The outside of your restaurant should act as an extension of your dining experience by serving as an advertisement and attraction. Pay as much attention to outdoor lighting as you do indoors by highlighting the architecture of the building, illuminating signage, and brightening eating areas for when natural light is low. String lights and lanterns onto trellises, light fire pits, place candles on top of tables, and create paths back into the entrance of your establishment using outdoor lighting fixtures and techniques.
Safety and security should also be taken into consideration when designing the lighting for your outdoor patio and deck. Parking lots, entrances, exits, sidewalks, and ramps should all be well lit to prevent accidents. Place spotlights on outdoor signs so people can find your business, and see that you’re open. Outdoor lighting also helps to diminish the chance of vandalism and break-ins from intruders, since many are motion activated and will turn on if sensed.
6. Set it and Forget it!
Due to ever improving technology, lighting design has now enabled users to customize specific settings for their restaurants. Features such as automatic on/off timers, scheduled dimming switches, and app and interface-controlled lighting units allow all the lights in the restaurant to be adjusted with just the tap of a button. Schedule outdoor lighting to turn on at dusk and off at closing time, switch on lights in the kitchen, restrooms, and dining rooms all with one click on your smartphone or tablet, and create dimming settings that will create moods and reduce energy costs.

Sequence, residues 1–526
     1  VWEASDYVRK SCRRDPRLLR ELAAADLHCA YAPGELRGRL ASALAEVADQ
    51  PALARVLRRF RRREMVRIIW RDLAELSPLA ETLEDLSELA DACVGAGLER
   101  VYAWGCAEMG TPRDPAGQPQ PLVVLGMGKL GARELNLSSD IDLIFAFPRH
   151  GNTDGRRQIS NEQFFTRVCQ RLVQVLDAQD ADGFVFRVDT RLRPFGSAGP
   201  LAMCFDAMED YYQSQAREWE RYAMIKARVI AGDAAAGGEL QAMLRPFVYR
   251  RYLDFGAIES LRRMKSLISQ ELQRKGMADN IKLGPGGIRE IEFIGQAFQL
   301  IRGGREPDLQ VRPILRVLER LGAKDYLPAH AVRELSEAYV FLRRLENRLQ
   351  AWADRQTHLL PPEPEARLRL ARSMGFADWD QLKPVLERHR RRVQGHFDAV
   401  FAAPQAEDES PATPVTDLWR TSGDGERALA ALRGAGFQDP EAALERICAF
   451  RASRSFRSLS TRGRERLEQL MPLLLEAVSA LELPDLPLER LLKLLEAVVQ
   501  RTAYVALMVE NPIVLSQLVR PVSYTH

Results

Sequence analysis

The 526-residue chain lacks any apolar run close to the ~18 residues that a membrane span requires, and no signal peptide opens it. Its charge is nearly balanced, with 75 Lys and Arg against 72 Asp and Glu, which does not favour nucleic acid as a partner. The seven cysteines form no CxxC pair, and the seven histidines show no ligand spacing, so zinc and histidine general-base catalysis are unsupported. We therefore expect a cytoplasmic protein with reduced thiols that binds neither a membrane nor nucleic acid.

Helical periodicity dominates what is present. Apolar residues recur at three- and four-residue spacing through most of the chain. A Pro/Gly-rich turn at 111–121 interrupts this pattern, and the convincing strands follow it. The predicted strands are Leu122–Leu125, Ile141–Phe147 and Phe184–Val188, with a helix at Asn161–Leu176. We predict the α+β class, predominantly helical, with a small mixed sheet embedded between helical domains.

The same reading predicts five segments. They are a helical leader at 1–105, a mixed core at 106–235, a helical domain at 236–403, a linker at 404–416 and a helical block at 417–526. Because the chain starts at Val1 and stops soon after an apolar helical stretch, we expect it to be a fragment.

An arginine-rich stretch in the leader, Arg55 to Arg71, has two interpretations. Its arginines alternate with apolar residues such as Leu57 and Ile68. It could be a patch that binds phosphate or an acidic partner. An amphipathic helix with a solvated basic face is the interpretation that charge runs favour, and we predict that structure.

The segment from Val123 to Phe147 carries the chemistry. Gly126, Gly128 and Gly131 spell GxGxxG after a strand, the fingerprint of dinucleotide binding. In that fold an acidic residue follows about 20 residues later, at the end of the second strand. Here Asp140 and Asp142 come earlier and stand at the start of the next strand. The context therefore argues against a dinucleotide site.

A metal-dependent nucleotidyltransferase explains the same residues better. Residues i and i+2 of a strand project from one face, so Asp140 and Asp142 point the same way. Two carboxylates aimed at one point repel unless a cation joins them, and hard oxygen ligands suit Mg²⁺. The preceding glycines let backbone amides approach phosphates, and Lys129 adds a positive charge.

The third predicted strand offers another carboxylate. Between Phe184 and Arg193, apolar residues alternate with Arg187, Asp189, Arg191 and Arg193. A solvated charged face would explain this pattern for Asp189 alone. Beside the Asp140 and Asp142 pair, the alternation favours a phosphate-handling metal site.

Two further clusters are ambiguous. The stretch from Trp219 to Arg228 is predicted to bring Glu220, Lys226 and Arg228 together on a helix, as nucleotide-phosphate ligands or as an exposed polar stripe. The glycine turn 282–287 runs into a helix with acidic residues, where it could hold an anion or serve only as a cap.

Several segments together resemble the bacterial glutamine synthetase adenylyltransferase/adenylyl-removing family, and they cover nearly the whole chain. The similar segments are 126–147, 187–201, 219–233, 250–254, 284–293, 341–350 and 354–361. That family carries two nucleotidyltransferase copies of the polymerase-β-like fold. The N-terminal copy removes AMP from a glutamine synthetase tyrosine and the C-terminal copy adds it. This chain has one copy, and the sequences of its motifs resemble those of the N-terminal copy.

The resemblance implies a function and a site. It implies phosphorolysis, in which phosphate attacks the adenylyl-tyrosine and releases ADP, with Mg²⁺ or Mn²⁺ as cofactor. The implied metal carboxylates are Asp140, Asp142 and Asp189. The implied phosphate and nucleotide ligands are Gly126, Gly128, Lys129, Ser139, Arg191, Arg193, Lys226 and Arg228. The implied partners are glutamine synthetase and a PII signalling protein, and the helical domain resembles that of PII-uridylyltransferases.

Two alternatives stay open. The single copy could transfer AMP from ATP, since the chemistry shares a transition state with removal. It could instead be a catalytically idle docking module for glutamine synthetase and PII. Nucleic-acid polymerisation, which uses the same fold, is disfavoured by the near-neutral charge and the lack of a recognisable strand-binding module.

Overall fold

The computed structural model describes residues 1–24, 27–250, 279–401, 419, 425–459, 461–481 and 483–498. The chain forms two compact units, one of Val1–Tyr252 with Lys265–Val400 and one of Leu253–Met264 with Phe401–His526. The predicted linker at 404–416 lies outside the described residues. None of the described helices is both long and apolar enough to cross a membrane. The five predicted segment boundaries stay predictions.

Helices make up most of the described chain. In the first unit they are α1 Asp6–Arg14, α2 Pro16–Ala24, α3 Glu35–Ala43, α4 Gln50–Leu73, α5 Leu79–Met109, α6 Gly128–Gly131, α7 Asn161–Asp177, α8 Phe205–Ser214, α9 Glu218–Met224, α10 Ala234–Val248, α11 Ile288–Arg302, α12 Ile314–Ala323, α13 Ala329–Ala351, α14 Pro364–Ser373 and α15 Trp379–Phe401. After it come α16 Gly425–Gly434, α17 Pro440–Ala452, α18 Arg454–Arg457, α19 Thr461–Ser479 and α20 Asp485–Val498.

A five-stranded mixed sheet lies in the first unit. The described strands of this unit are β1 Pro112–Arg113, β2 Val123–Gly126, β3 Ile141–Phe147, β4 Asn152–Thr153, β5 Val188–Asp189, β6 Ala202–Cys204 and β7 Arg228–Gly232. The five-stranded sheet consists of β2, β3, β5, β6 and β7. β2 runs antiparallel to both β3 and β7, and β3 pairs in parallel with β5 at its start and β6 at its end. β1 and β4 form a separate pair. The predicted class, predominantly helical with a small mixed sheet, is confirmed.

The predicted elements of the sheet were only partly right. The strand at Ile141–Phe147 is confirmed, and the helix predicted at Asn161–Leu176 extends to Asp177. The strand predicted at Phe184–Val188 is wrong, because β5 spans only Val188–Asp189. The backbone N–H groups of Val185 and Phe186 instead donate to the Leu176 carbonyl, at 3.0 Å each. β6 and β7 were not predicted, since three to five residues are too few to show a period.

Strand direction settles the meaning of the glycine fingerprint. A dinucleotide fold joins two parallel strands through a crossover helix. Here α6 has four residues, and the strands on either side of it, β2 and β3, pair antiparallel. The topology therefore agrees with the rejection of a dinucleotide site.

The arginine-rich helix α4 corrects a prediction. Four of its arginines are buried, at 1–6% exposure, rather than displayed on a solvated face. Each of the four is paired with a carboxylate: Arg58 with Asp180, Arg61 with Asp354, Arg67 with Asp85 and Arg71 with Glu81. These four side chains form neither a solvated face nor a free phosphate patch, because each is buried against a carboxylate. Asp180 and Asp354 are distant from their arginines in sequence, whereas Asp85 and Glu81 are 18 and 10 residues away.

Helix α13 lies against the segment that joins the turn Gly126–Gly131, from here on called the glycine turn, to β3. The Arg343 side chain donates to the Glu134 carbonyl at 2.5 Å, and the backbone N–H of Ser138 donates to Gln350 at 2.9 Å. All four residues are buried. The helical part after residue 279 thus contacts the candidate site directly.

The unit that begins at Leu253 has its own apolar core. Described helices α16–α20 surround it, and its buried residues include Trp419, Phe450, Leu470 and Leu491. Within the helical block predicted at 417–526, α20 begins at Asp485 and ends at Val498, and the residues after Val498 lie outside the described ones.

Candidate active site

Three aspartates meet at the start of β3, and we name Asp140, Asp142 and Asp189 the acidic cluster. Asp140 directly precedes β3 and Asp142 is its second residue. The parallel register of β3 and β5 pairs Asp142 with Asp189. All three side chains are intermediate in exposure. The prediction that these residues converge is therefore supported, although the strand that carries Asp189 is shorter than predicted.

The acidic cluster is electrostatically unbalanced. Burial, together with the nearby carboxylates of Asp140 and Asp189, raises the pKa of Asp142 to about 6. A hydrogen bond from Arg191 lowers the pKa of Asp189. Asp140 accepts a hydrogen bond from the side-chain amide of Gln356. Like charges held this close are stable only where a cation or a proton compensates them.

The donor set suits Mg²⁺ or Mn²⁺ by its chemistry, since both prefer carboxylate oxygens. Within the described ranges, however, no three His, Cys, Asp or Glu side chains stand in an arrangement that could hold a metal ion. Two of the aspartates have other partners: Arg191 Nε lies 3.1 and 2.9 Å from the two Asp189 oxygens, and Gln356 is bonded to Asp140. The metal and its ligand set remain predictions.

Popular Restaurant Lighting Fixtures and Their Uses:
- Hangs from the ceiling and can be positioned over bars, tables, islands, countertops, and host/hostess areas
- Provides great task lighting for guests when reading menus
- Hangs from the ceiling and creates a focal point in an entrance way or dining room
- Provides not just light, but style
- Creates elegance
- Provides light and air circulation
- Great for semi-outdoor patios
- Serves to provide an accent light
- Usually placed at eye-level
- Attaches to walls and is used to flank artwork or mirrors
- Often used in restrooms as vanity lights
- Multiple fixtures are attached on a continuous track and can be set to direct light in multiple directions
- Creates focal points
- Can be placed on ceilings or beams
- Installed above the ceiling and has an opening that is flush to the ceiling
- Sends a narrow band of light in one direction
- Used for ambient or task lighting
- Offers no specific design influence, but provides important lighting to rooms dedicated to service and function, like commercial kitchens, dish rooms, and storage areas